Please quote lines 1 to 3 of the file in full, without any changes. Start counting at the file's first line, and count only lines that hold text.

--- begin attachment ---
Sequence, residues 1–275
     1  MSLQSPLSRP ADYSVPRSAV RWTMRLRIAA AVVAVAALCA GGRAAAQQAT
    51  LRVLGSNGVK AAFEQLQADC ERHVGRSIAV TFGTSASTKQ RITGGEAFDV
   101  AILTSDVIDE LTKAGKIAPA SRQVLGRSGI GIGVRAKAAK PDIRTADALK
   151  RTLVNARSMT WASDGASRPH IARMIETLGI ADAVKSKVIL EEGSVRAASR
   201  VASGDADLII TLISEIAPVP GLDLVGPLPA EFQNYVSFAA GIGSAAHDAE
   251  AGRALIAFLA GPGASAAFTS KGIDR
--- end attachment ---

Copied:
Sequence, residues 1–275
     1  MSLQSPLSRP ADYSVPRSAV RWTMRLRIAA AVVAVAALCA GGRAAAQQAT
    51  LRVLGSNGVK AAFEQLQADC ERHVGRSIAV TFGTSASTKQ RITGGEAFDV